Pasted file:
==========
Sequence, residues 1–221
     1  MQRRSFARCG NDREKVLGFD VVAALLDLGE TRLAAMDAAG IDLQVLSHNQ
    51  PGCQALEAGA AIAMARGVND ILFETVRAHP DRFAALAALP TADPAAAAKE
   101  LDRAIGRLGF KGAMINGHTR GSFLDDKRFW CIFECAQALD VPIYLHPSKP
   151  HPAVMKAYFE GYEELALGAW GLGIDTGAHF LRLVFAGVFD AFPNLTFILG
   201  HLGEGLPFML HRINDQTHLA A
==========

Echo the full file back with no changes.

Sequence, residues 1–221
     1  MQRRSFARCG NDREKVLGFD VVAALLDLGE TRLAAMDAAG IDLQVLSHNQ
    51  PGCQALEAGA AIAMARGVND ILFETVRAHP DRFAALAALP TADPAAAAKE
   101  LDRAIGRLGF KGAMINGHTR GSFLDDKRFW CIFECAQALD VPIYLHPSKP
   151  HPAVMKAYFE GYEELALGAW GLGIDTGAHF LRLVFAGVFD AFPNLTFILG
   201  HLGEGLPFML HRINDQTHLA A